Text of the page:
Northrop Frye, Canadian Forum
December 1946, pp. 211-12
Northrop Frye (b. 1912), Canadian critic, Professor of English at the University of Toronto, author of Fearful Symmetry (1947) and The Anatomy of Criticism (1957).
George Orwell’s satire on Russian Communism, Animal Farm, has just appeared in America, but its fame has preceded it, and surely by now everyone has heard of the fable of the animals who revolted and set up a republic on a farm, how the pigs seized control and how, led by a dictatorial boar named Napoleon, they finally became human beings walking on two legs and carrying whips just as the old Farmer Jones had done. At each stage of this receding revolution one of the seven principles of the original rebellion becomes corrupted, so that ‘no animal shall kill any other animal’ has added to it the words ‘without cause’ when there is a great slaughter of the so-called sympathizers of an exiled pig named Snowball, and ‘no animal shall sleep in a bed’ takes on ‘with sheets’ when the pigs move into the human farmhouse and monopolize its luxuries. Eventually there is only one principle left, modified to ‘all animals are equal, but some are more equal than others, ’ as Animal Farm, its name changed back to Manor Farm, is welcomed into the community of human farms again after its neighbors have realized that it makes its ‘lower’ animals work harder on less food than any other farm, so that the model worker’s republic becomes a model of exploited labor.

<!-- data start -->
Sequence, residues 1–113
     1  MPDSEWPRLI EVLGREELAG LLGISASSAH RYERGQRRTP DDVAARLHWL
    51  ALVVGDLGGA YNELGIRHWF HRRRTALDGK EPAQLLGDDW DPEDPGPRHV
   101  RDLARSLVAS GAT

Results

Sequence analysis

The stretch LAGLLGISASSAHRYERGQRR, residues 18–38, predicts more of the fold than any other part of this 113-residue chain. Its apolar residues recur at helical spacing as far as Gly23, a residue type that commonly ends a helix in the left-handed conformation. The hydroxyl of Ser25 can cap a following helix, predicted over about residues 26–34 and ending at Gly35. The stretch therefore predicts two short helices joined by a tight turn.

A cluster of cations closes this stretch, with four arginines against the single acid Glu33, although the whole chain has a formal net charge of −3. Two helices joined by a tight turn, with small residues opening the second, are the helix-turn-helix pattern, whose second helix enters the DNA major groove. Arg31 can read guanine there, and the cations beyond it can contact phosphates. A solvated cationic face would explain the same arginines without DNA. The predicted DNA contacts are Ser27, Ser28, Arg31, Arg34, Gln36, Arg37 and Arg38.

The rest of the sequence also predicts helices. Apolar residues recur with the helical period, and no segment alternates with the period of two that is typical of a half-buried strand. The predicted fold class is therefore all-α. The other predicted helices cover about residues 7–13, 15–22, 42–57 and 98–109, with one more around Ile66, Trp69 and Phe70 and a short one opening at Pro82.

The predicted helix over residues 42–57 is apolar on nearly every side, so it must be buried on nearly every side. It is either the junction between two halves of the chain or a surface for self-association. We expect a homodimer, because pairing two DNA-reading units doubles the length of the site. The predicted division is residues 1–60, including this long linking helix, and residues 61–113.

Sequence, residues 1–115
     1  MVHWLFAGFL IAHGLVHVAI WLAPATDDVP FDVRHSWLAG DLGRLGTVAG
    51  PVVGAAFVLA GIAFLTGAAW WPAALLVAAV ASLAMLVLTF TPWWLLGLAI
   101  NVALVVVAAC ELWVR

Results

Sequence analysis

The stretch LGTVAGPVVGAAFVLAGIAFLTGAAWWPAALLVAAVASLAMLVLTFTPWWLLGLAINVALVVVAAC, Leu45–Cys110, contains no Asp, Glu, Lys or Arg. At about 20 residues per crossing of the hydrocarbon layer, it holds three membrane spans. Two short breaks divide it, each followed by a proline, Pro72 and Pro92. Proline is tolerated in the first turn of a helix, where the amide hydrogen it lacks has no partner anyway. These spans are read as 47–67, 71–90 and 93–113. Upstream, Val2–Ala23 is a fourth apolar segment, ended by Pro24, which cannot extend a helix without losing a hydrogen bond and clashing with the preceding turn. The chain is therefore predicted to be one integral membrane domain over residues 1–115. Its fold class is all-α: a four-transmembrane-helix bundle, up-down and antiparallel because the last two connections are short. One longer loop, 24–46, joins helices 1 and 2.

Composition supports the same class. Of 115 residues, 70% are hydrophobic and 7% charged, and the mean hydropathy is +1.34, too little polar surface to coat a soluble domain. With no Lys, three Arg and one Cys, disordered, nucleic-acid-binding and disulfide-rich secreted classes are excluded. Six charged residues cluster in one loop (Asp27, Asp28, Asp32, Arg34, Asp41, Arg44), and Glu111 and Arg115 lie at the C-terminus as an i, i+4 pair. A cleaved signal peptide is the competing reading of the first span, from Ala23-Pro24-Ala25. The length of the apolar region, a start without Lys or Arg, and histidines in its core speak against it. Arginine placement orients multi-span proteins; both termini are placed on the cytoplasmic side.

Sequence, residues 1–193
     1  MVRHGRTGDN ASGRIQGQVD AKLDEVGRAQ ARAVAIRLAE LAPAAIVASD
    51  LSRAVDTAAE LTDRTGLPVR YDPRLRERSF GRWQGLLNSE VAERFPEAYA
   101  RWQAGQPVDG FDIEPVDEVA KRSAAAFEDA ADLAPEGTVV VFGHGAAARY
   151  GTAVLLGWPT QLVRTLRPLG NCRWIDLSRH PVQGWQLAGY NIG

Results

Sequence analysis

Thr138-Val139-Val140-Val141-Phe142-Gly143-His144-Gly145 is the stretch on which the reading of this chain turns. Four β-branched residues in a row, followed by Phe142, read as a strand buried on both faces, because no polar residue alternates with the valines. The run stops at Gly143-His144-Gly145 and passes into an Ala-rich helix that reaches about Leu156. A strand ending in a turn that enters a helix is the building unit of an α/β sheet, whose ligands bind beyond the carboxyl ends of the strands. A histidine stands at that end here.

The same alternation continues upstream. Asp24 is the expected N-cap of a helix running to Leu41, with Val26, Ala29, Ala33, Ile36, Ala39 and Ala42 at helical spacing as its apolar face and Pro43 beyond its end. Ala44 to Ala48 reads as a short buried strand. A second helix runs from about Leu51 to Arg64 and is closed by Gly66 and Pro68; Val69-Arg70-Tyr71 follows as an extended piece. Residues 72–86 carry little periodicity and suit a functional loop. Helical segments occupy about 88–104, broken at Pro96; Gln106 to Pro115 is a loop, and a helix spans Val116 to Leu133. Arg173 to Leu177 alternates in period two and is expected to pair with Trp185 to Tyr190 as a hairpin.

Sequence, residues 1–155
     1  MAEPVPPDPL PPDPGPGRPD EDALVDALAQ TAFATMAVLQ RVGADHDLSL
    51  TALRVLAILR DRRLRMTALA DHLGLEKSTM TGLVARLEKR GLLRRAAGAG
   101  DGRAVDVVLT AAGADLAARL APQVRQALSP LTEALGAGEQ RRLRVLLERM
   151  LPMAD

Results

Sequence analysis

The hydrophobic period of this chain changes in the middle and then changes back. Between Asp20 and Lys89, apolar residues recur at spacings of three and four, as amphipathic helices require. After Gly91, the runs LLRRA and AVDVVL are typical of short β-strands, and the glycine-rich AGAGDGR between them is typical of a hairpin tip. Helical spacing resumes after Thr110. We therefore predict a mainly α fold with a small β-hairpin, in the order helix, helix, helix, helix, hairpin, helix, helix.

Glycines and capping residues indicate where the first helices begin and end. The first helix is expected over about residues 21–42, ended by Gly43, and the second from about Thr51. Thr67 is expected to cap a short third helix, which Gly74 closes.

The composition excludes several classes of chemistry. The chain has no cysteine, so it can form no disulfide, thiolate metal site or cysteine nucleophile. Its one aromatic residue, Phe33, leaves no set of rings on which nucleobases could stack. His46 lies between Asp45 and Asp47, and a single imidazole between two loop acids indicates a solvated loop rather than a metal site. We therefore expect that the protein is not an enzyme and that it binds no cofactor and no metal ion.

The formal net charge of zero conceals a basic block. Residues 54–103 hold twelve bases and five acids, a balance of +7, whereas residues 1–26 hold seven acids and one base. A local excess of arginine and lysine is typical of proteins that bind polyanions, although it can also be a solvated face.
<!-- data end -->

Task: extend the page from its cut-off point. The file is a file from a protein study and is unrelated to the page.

The story is very well-written, especially the Snowball episode, which suggests that the Communist ‘Trotskyite’ is a conception on much the same mental plane as the Nazi ‘Jew, ’ and the vicious irony of the end of Boxer the work horse is perhaps really great satire. On the other hand, the satire on the episode corresponding to the German invasion seems to me both silly and heartless, and the final metamorphosis of pigs into humans at the end is a fantastic disruption of the sober logic of the tale. The reason for the change in method was to